Dilip Vengsarkar

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Dilip Vengsarkar
DilipVengsarkar.jpg
Vengsarkar in 2011
Personal information
Full name Dilip Balwant Vengsarkar
Born (1956-04-06) 6 April 1956 (age 58)
Rajapur, India
Batting style Right-handed
Bowling style Right arm medium
International information
National side
Test debut (cap 139) 24 January 1976 v New Zealand
Last Test 5 February 1992 v Australia
ODI debut (cap 19) 21 February 1976 v New Zealand
Last ODI 14 November 1991 v South Africa
Domestic team information
Years Team
1975–1992 Bombay
1985 Staffordshire
Career statistics
Competition Test ODI FC LA
Matches 116 129 260 174
Runs scored 6,868 3,508 17,868 4,835
Batting average 42.13 34.73 52.86 35.29
100s/50s 17/35 1/23 55/87 1/35
Top score 166 105 284 105
Balls bowled 47 6 199 12
Wickets 0 0 1 0
Bowling average 126.00
5 wickets in innings
10 wickets in match n/a n/a
Best bowling 1/31
Catches/stumpings 78/– 37/– 179/– 51/–
Source: Cricinfo, 7 February 2010

Dilip Balwant Vengsarkar About this sound pronunciation  (born 6 April 1956) is an Indian cricketer and cricket administrator. He was known as one of the foremost exponents of the drive. He was also known by the nickname 'Colonel'.[1] Along with Sunil Gavaskar and Gundappa Viswanath, he was a key player in the Indian batting line up in the late 70s and early 80s. He went on to play till 1989. He represented Bombay in the Ranji Trophy. For Test matches played in India, he has one of the highest batting averages.

Career[edit]

Vengsarkar made his international cricket debut against New Zealand at Auckland in 1975–76 as an opening batsmen. India won this Test convincingly, but he did not have much success. Later on he usually batted in the No.3 or No.4 position.

He played a memorable innings in 1979 against Asif Iqbal's Pakistan team in the 2nd Test at Feroz Shah Kotla, Delhi. Requiring 390 to win on the final day, he led India's chase getting the team very close to a victory. India ended up with 364 for 6, just 26 runs short of what would have been a remarkable win. With Yashpal Sharma, Kapil Dev and Roger Binny back to the pavilion after Tea break, Vengsarkar saw himself running out of partners and decided to play the last few overs for a draw. He remained unbeaten at 146.

During the 1978–79 Test Series in India against the West Indies, he was involved in a partnership of over 300 runs with Sunil Gavaskar at Calcutta, with both batsman scoring centuries.

He was a member of the 1983 World Champion's team. He had a productive run of scores between 1985 and 1987, where he scored centuries against Pakistan, Australia, England, West Indies and Sri Lanka, many of them in successive games. At this pinnacle of his career, he was rated as the best batsmen in the Coopers and Lybrand rating (a predecessor of the PWC ratings).

While the West Indies pacemen dominated the cricket world, Dilip Vengsarkar was one of the few batsmen who was successful against them, and scored 6 centuries against the likes of Malcolm Marshall, Michael Holding and Andy Roberts.

Unique distinction[edit]

He also scored a century at Lord's in 1986 and thereby attaining the distinction of scoring three consecutive Test match centuries at Lord's. For his effort to help India win the Test series in England (a rare feat in itself) he was awarded the Man of the Series award.

Captaincy[edit]

Vengsarkar took over the captaincy from Kapil Dev after the 1987 Cricket World Cup, despite criticism that he missed the semi-final match due to a stomach disorder resulting from sea food allergy. Although he started with two centuries in his first series as captain, his captaincy period was turbulent and he lost the job following a disastrous tour of the West Indies in early 1989 and a stand-off with the Indian cricket board (BCCI).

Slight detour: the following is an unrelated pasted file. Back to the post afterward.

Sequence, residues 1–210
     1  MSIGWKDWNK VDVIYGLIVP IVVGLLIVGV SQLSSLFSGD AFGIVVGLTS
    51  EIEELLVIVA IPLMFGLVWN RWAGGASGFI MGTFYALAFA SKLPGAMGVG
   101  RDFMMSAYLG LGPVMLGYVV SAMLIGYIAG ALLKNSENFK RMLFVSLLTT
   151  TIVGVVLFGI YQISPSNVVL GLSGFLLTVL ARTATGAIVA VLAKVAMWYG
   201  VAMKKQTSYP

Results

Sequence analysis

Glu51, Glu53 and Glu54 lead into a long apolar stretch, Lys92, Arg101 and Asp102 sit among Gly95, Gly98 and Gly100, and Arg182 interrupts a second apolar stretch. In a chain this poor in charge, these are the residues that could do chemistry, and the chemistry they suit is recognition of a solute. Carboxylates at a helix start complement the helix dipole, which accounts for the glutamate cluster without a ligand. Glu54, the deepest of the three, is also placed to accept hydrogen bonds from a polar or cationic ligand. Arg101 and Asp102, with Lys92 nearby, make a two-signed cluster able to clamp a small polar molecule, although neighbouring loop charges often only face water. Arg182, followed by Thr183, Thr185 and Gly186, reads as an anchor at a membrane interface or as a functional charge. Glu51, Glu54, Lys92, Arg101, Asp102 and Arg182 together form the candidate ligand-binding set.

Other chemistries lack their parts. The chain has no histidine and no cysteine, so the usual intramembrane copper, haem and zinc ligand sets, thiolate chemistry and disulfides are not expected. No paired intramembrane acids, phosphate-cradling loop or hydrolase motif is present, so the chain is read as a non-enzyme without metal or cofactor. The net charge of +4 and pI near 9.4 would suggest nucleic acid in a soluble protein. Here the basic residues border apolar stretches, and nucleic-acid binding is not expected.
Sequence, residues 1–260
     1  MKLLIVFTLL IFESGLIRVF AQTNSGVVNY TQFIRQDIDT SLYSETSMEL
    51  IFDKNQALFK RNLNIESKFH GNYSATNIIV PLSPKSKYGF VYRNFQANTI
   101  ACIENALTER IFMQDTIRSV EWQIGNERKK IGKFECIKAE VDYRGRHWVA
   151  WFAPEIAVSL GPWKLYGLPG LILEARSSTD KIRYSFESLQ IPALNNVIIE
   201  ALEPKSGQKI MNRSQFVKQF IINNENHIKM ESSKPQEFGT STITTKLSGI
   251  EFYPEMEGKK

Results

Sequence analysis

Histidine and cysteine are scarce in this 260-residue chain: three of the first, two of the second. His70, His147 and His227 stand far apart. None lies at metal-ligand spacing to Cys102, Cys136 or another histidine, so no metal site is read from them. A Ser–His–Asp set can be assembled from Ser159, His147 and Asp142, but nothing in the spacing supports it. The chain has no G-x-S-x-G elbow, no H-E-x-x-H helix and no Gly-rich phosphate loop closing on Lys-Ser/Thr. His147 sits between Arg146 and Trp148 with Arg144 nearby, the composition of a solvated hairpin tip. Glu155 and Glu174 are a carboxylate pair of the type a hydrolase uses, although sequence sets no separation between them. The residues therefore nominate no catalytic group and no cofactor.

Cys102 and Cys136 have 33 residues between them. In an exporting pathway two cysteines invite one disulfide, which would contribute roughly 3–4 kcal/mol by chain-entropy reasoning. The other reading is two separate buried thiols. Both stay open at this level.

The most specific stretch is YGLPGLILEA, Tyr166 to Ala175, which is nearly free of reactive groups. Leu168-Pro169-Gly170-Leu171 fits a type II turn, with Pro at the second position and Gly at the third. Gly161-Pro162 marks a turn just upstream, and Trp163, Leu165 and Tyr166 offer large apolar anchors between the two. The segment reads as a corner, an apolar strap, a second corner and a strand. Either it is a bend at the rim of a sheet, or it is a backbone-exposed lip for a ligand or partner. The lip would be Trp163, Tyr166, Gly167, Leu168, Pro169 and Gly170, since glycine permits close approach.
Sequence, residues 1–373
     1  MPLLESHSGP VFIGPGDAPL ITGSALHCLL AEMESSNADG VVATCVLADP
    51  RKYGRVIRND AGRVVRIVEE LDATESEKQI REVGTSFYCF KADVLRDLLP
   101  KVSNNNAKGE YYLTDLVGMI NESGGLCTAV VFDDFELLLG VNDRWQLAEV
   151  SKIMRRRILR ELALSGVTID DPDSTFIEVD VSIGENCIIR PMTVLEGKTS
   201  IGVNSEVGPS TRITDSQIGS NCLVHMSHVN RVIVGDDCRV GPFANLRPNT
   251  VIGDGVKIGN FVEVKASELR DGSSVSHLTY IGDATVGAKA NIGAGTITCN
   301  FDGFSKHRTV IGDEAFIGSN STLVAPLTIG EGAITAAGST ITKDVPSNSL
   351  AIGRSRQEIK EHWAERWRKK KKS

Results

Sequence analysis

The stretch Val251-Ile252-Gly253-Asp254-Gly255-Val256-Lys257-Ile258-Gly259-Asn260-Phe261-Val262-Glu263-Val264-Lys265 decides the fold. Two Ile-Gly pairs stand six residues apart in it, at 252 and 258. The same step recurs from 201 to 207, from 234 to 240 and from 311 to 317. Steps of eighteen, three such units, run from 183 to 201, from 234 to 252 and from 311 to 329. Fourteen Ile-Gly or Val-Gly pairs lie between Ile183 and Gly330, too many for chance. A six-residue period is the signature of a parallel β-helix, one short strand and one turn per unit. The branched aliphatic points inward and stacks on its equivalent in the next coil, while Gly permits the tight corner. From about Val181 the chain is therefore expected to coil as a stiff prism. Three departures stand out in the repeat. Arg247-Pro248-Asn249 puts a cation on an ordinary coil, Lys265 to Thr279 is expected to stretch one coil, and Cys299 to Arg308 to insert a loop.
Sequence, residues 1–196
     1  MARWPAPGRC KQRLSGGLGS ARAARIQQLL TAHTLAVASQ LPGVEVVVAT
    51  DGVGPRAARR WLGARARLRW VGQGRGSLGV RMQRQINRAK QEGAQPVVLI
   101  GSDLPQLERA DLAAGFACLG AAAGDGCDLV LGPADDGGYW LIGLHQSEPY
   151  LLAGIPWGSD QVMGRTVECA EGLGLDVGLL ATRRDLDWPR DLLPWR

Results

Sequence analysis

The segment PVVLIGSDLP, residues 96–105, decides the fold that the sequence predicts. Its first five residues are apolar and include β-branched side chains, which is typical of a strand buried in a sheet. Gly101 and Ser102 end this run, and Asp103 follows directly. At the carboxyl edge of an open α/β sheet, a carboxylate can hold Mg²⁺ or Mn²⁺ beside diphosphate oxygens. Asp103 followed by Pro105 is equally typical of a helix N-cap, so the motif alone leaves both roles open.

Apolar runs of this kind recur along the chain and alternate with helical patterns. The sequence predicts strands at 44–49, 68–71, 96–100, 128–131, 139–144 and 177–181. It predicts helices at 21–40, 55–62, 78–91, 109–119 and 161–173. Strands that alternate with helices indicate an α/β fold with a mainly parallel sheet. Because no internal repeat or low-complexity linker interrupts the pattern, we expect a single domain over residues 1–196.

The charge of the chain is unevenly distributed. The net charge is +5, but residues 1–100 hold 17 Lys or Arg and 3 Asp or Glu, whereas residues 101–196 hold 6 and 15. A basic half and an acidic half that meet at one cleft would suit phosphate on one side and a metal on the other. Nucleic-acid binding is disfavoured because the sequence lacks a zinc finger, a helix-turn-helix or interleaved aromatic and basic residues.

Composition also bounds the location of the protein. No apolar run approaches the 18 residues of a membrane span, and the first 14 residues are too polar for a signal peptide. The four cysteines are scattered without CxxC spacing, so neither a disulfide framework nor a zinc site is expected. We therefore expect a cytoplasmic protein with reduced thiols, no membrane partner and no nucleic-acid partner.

Dilip Vengsarkar's career performance graph.

Awards[edit]

  • Dilip Vengsarkar was awarded the Arjuna Award for his on-field performances in 1981

Administrator[edit]

In his retirement life, Dilip Vengsarkar started the Elf-Vengsarkar Academy[3] in 1995. Vengsarkar became the Vice-President for the Mumbai Cricket Association in 2003.[4] Though, he was the front runner for the post of the Chairman, Selection Committee, Dilip opted out because of his policy against zonal representation.[5] Dilip Vengsarkar was made the Chairman of the Talent Resource Development Wing (TRDW) when it was created in 2002 to develop cricket talent within the country. The TRDW program also had the support of Brijesh Patel.[6]

In March 2006, BCCI proposed the name of Vengsarkar for match referee,[7] but the proposal did not move forward as Vengsarkar accepted the job as chairman of selectors of the BCCI[8] in September 2006 – in contrast to his stance on zonal representation a decade ago.

He runs three cricket academies, two in Mumbai and one in Pune. These academies give cricket training free of cost to the selected players selected on their skill level.

References[edit]

  1. ^ [1]
  2. ^ "Dilip Vengasarkar". Wisden Almanack. Retrieved 2007-04-02. 
  3. ^ "Vengasarkar as Match-Referee". ELF.com. Retrieved 2007-03-14. 
  4. ^ "Vengasarkar wins MCA Elections". Rediff.com. Retrieved 2007-03-14. 
  5. ^ "Vengasarkar outs out of selection committee". Rediff.com. 19 September 1996. Retrieved 2007-04-02. 
  6. ^ "TRDW – The Way to go". Chennai, India: The Hindu. 30 May 2006. Retrieved 2007-03-14. 
  7. ^ "Vengasarkar as Match-Referee". Cricinfo.com. Retrieved 2007-03-14. 
  8. ^ "2006/08 Selection Committee Announcement". Cricinfo.com. Retrieved 2007-03-14. 

External links[edit]

Preceded by
Kapil Dev
Indian National Test Cricket Captain
1987/88
Succeeded by
Ravi Shastri
Preceded by
Ravi Shastri
Indian National Test Cricket Captain
1987/88–1989/90
Succeeded by
Krishnamachari Srikkanth
Preceded by
Kiran More
Chairman, Selection Committee
October 2006 – September 2008
Succeeded by
Krishnamachari Srikkanth